Why not go back to the high fastball? Sequencing is the goal with these certified coaches instead of getting the out with something the batter already showed he could not handle.
“I’m going to attack there with the fastball and if he pulls it foul, I know he is on it,’’ the former pitcher told me of the way to attack in that situation.
“Then I’ll throw a changeup or something else.’’
Try what worked earlier. It’s amazing to see how many pitchers have good fastballs, but are always trying to fool the hitter. Young Edward Cabrera of the Marlins did just that in the 3-1 loss to the Mets on Tuesday night, a seven-inning game. Michael Conforto unloaded a two-run home run in the fourth inning on a change-up that stayed up. Cabrera threw only 38 percent fastballs that night so you can be sure that Conforto was sitting on the changeup.
That’s real baseball knowledge. That’s not sequencing. Fastball-slider is fine for Cabrera right now. Establish the fastball.
Marlins fans are struggling with another team that can’t win. The Marlins are 55-78. They are in many of the games but make critical mistakes. The Marlins are 27th in runs scored with 525 and 23rd with a .237 average.
The Astros lead baseball with a .267 average.
Only the Astros, Blue Jays and Red Sox have more hits than strikeouts. As for pitching, 16 teams have an ERA over 4.00. Three teams, the Pirates, Diamondbacks and Orioles all have team ERAs over 5.00 and the Orioles are trying to get to 6.00 with a 5.84 mark.
“The product is not $100 million payroll good right now,’’ the evaluator said. “These are supposedly the best players in the world and night in and night out we watch 3 1/2 to 4-hour games where pitchers don’t throw strikes, Guys aren’t competent fielders, guys don’t run the bases competently. They can’t execute cutoffs and relays, they can’t get a bunt down if somebody actually asks them to get a bunt down in an extra inning game. Those all need to be booed. When you are paying people what you are paying them and the world we live in today, c’mon.’’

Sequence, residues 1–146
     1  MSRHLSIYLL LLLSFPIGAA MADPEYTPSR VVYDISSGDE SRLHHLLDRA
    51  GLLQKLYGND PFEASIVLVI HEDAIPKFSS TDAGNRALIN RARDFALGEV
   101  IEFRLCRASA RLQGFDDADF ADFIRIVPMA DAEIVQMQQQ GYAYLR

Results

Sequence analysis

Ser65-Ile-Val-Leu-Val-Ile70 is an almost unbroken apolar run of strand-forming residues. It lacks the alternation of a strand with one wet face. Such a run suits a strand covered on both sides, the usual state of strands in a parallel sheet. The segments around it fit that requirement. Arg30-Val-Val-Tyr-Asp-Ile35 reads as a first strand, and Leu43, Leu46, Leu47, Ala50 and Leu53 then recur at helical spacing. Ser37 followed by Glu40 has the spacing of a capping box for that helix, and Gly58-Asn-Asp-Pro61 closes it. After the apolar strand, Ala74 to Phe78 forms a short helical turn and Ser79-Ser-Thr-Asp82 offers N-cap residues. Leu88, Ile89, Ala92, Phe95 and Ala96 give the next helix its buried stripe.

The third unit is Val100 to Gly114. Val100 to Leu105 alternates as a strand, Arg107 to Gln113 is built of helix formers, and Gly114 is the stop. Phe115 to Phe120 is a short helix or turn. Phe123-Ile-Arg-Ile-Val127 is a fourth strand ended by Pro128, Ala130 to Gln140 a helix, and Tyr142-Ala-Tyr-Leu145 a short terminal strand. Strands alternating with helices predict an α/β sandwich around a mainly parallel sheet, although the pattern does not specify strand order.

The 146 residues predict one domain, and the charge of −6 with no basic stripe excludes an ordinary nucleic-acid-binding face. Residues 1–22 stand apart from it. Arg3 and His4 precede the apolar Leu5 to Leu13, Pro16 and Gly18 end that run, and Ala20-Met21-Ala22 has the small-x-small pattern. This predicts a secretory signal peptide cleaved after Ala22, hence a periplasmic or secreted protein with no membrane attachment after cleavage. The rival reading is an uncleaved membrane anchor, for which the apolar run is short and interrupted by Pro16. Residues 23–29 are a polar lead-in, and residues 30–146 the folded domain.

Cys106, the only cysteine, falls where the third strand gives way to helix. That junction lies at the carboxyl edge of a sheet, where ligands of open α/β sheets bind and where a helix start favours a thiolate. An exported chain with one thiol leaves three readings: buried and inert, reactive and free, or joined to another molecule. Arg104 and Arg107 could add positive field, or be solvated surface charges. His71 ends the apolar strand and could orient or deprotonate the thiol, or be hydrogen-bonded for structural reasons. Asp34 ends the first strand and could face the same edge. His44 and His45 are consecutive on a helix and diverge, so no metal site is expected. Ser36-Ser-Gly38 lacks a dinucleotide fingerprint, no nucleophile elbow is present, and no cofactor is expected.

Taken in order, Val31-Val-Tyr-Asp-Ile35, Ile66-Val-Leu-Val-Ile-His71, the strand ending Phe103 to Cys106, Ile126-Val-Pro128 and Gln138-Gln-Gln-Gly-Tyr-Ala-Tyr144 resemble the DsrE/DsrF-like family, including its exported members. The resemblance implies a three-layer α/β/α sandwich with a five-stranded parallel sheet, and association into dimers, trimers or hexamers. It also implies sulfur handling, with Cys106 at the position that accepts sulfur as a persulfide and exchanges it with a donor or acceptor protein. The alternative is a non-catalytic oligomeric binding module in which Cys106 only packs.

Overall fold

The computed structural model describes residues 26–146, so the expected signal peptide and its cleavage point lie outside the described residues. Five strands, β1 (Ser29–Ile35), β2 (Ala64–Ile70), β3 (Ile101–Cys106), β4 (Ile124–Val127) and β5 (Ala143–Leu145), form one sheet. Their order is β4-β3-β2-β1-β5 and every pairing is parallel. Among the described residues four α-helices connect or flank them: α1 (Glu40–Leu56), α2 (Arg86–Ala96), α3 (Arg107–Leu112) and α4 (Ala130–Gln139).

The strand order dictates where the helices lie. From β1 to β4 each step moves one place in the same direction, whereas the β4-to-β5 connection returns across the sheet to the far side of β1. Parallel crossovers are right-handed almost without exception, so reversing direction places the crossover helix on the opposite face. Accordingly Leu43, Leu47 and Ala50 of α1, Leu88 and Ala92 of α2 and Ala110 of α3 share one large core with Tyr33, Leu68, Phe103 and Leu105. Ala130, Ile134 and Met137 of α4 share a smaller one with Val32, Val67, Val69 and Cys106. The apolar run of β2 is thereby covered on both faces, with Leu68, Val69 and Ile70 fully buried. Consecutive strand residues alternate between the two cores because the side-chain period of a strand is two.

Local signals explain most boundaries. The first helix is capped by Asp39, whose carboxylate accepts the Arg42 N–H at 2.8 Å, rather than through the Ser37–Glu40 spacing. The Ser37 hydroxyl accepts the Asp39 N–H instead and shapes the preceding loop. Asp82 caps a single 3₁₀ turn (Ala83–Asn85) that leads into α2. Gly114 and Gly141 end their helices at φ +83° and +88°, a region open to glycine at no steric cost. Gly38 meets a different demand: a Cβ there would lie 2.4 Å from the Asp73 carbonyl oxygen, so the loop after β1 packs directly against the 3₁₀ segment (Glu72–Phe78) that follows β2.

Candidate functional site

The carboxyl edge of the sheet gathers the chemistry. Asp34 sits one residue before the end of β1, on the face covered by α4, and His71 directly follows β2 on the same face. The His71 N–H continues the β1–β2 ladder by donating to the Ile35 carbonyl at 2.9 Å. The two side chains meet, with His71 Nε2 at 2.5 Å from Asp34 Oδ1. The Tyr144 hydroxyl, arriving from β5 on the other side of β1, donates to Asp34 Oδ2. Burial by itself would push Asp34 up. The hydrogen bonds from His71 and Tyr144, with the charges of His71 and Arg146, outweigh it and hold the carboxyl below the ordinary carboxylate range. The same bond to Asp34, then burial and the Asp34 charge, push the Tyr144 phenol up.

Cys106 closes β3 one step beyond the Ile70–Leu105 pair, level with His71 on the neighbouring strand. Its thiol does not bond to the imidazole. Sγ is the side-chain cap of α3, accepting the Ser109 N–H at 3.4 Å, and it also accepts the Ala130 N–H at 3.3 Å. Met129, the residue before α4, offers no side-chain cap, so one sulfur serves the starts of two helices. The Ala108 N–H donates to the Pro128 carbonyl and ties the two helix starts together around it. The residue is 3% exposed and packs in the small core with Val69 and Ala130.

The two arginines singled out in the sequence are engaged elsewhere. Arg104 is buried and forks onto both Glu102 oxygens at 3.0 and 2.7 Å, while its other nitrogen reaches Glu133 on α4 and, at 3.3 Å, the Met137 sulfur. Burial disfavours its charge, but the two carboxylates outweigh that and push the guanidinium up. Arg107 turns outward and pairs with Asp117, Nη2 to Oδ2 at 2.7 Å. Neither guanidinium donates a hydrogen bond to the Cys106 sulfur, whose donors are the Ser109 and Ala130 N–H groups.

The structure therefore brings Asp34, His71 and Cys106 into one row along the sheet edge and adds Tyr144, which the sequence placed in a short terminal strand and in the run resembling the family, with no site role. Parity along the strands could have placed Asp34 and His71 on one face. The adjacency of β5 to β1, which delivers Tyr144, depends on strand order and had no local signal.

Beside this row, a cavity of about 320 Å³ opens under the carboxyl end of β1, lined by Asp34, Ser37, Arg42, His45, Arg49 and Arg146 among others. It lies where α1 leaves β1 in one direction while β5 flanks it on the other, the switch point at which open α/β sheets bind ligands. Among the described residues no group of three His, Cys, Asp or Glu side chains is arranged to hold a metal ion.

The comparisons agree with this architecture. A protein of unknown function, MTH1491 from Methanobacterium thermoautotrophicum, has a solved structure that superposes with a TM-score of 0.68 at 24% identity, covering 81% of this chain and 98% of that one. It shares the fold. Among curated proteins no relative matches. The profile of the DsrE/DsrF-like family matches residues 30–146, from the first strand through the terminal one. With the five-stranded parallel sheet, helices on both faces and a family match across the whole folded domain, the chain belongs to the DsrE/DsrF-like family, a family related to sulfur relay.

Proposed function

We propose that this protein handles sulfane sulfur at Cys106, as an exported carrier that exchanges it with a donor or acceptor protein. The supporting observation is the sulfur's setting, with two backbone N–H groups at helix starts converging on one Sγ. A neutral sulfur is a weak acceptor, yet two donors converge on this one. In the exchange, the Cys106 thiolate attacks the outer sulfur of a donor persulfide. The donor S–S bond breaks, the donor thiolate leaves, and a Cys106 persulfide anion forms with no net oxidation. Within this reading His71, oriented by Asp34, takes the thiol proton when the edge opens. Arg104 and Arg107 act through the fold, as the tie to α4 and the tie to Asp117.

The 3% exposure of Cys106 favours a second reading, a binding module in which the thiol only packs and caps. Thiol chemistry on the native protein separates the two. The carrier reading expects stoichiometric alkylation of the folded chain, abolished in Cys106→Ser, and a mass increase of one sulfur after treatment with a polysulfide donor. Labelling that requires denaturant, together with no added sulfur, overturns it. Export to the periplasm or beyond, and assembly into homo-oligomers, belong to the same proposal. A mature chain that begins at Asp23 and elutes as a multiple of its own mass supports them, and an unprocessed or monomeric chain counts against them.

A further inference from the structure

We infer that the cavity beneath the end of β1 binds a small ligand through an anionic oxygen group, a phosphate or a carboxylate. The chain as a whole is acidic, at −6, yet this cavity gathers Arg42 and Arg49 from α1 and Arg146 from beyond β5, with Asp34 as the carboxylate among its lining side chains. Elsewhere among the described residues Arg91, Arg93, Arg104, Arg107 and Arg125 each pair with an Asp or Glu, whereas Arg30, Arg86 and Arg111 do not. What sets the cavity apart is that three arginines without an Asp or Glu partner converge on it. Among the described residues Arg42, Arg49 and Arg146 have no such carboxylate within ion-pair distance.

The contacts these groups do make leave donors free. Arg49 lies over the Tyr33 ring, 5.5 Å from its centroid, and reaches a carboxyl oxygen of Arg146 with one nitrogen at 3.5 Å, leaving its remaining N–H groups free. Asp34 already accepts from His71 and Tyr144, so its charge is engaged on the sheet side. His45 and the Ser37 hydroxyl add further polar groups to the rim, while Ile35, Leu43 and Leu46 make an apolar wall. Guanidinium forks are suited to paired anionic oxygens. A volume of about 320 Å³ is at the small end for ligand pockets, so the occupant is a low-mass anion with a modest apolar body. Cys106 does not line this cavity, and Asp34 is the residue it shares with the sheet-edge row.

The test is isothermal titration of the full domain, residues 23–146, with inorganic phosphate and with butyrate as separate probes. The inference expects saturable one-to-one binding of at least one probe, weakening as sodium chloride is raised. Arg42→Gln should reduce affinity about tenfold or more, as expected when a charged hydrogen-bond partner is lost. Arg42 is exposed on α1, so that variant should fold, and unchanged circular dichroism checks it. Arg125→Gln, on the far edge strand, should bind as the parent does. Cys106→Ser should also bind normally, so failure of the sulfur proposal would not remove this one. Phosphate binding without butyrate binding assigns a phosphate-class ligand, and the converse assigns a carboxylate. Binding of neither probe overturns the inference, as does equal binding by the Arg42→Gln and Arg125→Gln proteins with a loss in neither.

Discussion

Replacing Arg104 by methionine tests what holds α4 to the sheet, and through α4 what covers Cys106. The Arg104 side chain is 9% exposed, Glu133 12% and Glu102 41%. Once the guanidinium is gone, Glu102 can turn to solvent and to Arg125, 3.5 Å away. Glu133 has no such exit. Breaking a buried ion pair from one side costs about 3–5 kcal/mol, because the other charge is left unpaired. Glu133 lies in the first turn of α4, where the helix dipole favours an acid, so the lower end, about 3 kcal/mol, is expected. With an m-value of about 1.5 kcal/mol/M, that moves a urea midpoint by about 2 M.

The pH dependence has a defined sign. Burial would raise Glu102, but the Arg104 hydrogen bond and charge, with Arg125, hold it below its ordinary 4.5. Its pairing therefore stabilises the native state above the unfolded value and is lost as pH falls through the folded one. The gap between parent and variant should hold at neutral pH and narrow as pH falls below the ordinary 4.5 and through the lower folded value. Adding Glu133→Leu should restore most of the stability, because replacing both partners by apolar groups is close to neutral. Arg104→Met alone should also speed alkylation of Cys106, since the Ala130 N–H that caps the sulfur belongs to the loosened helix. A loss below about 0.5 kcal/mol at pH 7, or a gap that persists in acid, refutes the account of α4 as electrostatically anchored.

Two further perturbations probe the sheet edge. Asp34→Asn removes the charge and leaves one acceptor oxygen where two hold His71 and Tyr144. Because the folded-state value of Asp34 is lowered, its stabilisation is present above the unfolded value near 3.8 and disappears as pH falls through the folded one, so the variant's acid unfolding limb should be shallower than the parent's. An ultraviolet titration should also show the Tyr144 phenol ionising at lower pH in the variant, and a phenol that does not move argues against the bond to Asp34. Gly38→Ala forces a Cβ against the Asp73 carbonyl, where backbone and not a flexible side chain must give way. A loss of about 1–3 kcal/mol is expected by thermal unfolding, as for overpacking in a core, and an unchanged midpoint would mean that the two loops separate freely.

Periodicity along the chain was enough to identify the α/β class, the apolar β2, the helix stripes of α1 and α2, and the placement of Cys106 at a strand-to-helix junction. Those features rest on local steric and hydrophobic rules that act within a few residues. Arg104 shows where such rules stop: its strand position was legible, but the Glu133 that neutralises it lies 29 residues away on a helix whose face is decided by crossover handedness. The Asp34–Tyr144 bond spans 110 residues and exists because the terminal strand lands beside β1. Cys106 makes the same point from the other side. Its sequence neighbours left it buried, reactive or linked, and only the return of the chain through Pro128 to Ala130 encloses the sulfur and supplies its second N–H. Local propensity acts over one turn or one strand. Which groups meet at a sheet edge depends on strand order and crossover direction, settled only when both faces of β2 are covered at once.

Who's happier than Jerry Dipoto? The Mariners GM just landed himself another multi-year extension. (Photo: Joe Nicholson/USA TODAY Sports)
The Padres fired veteran pitching coach Larry Rothschild the other day, using him as a scapegoat for A.J. Preller and the manager Jayce Tingler’s shortcomings. Yu Darvish in his first outing without Rothschild could not make it through three innings on Wednesday, surrendering six runs to the Diamondbacks, of all teams. The D-Backs are 26th in OPS with a .692 mark and are hitting .237.
The Mariners are dead last in batting average at .222 and dead last in on base percentage at .294, but their GM Jerry Dipoto just got an extension and a promotion Wednesday with Dipoto, who has been around six years in Seattle, being promoted to president of baseball operations and given a multi-year extension. Dipoto, they say, has improved the farm system, how could you not?
Over the last six seasons under Dipoto the Mariners have never made the postseason and have finished nine games out his first year, 23 the second year, 14 the third year, 39 the fourth year, nine the fifth year and 7 1/2 this year in the AL West.
Perhaps the Mariners are on the cusp of greatness. Perhaps they will make up ground the last month of the season and make the postseason for the first time in 20 years and be a force to reckon with in the AL West for years to come.
Let’s get that team batting average over .230 first and the team on-base percentage to .300. If not, boos will be coming your way.